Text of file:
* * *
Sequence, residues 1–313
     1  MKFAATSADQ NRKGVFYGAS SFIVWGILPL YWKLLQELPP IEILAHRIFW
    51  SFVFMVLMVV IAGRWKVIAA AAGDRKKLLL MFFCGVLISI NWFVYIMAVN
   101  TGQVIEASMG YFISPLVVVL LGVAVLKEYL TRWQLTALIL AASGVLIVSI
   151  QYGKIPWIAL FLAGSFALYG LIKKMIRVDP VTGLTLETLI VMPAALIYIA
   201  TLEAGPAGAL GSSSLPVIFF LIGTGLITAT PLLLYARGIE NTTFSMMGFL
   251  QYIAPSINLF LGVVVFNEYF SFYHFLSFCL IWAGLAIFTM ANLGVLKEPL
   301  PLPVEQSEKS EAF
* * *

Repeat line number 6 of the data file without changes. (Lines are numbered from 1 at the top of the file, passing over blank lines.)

   201  TLEAGPAGAL GSSSLPVIFF LIGTGLITAT PLLLYARGIE NTTFSMMGFL